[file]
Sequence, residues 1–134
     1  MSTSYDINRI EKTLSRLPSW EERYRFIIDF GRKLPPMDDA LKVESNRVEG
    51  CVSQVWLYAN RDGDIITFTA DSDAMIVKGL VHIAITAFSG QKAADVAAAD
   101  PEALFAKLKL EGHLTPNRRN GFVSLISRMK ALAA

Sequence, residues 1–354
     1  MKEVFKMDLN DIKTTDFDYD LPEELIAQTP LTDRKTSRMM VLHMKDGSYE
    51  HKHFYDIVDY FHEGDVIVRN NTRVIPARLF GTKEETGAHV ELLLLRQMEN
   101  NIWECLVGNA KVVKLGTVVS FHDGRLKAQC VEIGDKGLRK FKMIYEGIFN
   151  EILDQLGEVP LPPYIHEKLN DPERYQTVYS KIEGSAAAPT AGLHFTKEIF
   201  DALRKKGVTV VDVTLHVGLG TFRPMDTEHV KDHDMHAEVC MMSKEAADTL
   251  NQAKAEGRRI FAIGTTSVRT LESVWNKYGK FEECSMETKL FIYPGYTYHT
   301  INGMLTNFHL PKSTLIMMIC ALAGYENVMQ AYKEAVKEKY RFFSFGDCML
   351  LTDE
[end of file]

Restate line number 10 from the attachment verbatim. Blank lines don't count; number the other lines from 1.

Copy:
   201  DALRKKGVTV VDVTLHVGLG TFRPMDTEHV KDHDMHAEVC MMSKEAADTL